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There's a lot going on with pianist Darrell Grant's fourth album as a leader. First it's a live performance in Rochester, NY. It was the Eastman School of Music in that city that awarded Grant a music scholarship at the age of 17, making him a prodigy of sorts. Second, the album is a tribute to his adopted town, Portland, OR. He joins many other jazz artists who have made Northwest U.S. their home. Third, it's Grant's debut as a short story writer. The liner notes have his story about a day in the life of a jazzman named Langston and how and why he made the move from New York City to the Northwest. As Grant did the same thing, no doubt there is some biographical truth to this well written, interesting tale. Some of the music on the play list is tied to the story. For instance, the great bassist Leroy Vinnegar is mentioned in the narrative and the first cut on the album, Bill Lee's (movie man Spike Lee's father) "Little Jimmy Fiddler" honors that bassist
The album's first four tracks are up-tempo pieces of various speeds. Even the usually sedately played "If I Should Lose You" is given a throbbing post bop treatment as vibraphonist Joe Locke's solo expands on Milt Jackson's 1981 rendition moving it further into the realm of modern improvisational jazz. It's not until track five, Gordon Jenkins' "Goodbye," that everyone relaxes, and this is carried over into "Quiet Times." The serenity of Carmen Lundy's composition is respected by the introspective approach. Taken by the group. The great bop groups of the past are honored with the out of the 1960's title piece, Grant's "Smokin' Java," making this cut a fitting coda.
Grant's playing falls somewhere in between Sonny Clark and the pre fusion incarnation of Herbie Hancock, a wide spectrum indeed. But this album shows that he is unarguably a unique piano artist. The support he gets is impeccable. Joe Locke, a sought after vibes player, and altoist Donald Harrison, a former wunderkind himself, are the major protagonists of the musical drama with Grant. But the playing of bassist Stata and drummer Blade make them indispensable parts of the whole. A good story and good music, always a winning combination, makes Smokin' Java recommended.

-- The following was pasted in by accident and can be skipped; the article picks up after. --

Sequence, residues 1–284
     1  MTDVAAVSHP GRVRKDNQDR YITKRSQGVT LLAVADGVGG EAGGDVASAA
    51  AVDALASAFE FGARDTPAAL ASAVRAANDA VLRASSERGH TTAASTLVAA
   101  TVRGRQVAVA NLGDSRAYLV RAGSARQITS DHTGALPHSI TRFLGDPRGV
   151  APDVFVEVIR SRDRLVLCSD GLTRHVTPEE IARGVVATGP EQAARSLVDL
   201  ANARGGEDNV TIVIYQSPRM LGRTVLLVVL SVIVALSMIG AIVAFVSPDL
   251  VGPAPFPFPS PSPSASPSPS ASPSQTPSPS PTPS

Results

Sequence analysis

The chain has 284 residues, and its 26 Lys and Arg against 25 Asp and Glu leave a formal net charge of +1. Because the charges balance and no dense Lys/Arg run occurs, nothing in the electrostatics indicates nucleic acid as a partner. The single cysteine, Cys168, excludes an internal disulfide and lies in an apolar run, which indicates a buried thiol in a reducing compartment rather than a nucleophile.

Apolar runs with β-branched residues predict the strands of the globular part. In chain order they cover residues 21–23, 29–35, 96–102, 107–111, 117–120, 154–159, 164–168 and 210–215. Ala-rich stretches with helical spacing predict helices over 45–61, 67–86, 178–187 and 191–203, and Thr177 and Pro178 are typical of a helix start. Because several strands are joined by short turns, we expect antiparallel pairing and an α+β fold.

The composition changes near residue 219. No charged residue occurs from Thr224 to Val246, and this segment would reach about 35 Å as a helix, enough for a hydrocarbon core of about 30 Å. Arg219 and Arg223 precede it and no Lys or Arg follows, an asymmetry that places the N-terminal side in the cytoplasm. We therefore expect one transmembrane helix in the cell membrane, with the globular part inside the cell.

Track Listing: Little Jimmy Fiddler; If I Should Lose You; You Must Believe in Spring; Spring Skylight; Goodbye; Quiet Times; Slander; Smokin' Java
Personnel: Darrell Grant: piano; Joe Locke: vibraphone; Donald Harrison: alto saxophone; Bob Stata: acoustic bass; Brian Blade: drums.
I grew up listening to mainstream '70s rock then ended up on the staff at the college paper at San Diego State, and volunteered to review heavy metal LPs. My second semester, the music editor dropped a Fenton Robinson LP on my desk, Night Flight. You like metal; they play guitar--he plays guitar, the editor told me
I grew up listening to mainstream '70s rock then ended up on the staff at the college paper at San Diego State, and volunteered to review heavy metal LPs. My second semester, the music editor dropped a Fenton Robinson LP on my desk, Night Flight. You like metal; they play guitar--he plays guitar, the editor told me. If we don't run a review, Alligator Records is going to stop servicing us.
Night Flight opened up a whole new world for me--the blues led me, inevitably, to Basie, who led to Duke, who led to Mingus, who led to Miles, who led to ...